This type of bot bears little resemblance to the ones demonstrated on the stages of tech campus auditoriums. But each sort of bot is made, in its own way, to exploit untapped opportunity in large-scale automation. Where commercial bot-makers see an almost-too-good-to-be-true chance to simultaneously personify their brands and automate their businesses, political bot-makers see an opportunity to exploit anonymity with a humanlike touch at an inhuman scale. While tech companies stand proudly behind their bots, the people who create prolific and ideological social bots hide behind them. (Their provenance remains murky even today.)
Anonymous social bots are obviously distinct from carefully designed software programmed in good faith. Technologically speaking, the efforts of Facebook and Google and Amazon represent the forefront of A.I. research, while crudely scripted social bots must merely clear the low bar of passing for an angry stranger. They were, in the memorable words of one researcher, “yelling fools,” promoting partisan messages and disinformation or merely registering their simulated agreement or anger, appearing maniacally focused, but not conclusively inhuman. A personal-assistant bot interacts with its users, whereas this breed of social-media bot stages performances for audiences and algorithms alike.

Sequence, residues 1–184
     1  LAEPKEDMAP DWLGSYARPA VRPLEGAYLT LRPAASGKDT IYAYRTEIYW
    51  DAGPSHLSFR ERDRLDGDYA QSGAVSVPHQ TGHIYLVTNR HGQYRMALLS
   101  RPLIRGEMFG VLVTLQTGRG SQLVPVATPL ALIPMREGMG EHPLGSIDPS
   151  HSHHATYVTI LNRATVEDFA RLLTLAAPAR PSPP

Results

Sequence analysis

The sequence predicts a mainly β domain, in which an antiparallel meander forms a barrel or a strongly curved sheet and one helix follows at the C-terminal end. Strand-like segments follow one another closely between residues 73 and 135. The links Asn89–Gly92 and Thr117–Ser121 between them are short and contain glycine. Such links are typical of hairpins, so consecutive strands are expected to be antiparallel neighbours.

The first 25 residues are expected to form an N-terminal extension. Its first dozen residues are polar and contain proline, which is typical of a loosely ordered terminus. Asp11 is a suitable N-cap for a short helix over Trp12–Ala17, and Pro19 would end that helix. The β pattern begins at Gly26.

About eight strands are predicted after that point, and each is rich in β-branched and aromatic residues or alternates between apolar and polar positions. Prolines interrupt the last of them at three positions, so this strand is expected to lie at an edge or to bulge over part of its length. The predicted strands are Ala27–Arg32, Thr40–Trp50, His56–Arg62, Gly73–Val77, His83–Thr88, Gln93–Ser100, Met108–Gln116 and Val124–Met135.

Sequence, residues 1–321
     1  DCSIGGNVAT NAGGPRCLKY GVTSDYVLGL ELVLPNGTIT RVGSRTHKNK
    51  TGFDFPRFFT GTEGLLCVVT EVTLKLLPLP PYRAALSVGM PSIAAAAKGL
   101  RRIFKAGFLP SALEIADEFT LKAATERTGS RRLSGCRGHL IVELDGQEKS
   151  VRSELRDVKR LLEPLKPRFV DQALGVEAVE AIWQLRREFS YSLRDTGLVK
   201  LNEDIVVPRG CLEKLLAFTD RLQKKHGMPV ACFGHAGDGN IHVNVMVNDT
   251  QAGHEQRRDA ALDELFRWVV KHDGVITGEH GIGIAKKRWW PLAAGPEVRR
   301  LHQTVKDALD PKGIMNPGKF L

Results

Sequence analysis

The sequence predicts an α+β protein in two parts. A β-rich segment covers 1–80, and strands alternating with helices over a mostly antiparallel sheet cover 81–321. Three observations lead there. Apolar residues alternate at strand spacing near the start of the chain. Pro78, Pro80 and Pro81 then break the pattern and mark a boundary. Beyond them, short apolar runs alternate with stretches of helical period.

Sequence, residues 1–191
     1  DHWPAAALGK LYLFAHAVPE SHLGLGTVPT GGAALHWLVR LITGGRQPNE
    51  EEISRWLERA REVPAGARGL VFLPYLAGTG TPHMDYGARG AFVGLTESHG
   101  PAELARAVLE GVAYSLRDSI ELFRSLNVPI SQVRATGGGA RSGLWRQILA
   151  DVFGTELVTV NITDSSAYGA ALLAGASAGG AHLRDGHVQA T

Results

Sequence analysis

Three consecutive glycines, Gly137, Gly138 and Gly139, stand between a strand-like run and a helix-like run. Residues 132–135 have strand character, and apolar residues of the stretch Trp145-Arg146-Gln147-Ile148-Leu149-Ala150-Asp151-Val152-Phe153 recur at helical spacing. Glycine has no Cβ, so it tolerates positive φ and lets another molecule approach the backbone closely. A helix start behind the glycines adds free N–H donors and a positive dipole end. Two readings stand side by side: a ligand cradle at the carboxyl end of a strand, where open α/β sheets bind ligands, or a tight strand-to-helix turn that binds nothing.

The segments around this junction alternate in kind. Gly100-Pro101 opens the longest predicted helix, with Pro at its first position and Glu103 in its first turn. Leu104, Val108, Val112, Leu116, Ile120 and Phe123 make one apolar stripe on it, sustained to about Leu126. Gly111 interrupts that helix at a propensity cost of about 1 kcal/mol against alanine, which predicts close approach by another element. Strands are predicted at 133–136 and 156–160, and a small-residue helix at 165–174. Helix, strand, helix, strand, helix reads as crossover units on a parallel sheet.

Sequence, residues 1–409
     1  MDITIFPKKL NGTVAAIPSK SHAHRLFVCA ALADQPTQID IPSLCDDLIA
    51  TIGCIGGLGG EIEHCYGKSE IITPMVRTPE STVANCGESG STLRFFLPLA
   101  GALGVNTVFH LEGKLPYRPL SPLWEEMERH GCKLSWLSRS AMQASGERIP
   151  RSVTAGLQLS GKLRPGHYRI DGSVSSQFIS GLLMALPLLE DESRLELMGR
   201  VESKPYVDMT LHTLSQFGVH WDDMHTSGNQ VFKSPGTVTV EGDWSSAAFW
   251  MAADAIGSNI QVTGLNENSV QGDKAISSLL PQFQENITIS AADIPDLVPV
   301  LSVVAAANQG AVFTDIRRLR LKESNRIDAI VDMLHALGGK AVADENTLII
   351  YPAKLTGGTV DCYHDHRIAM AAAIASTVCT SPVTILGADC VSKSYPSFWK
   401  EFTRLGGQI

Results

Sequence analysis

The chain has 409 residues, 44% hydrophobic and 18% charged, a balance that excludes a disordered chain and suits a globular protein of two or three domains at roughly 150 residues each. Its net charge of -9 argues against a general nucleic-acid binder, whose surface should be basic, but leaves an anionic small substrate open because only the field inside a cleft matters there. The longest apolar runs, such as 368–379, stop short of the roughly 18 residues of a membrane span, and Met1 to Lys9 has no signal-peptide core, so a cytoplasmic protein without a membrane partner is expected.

But the proximity is toxic, and custody of the word is slipping. Bots, it turns out, make an excellent foil. Angela Merkel, in the run-up to this year’s German federal election, talked about bots, generally, as if they were an invading army. In May, Hillary Clinton pointed to Russia-backed online efforts — including “the bots” — as “just out of control.” The phrase “not a bot” now litters the profiles of politically engaged Twitter users (and, presumably, some bots). At the same time, President Trump, or a staff member, has indulged a habit of wandering into Twitter’s uncanny valley to retweet supportive accounts whose humanity is hard to discern, or which eventually and mysteriously just disappear.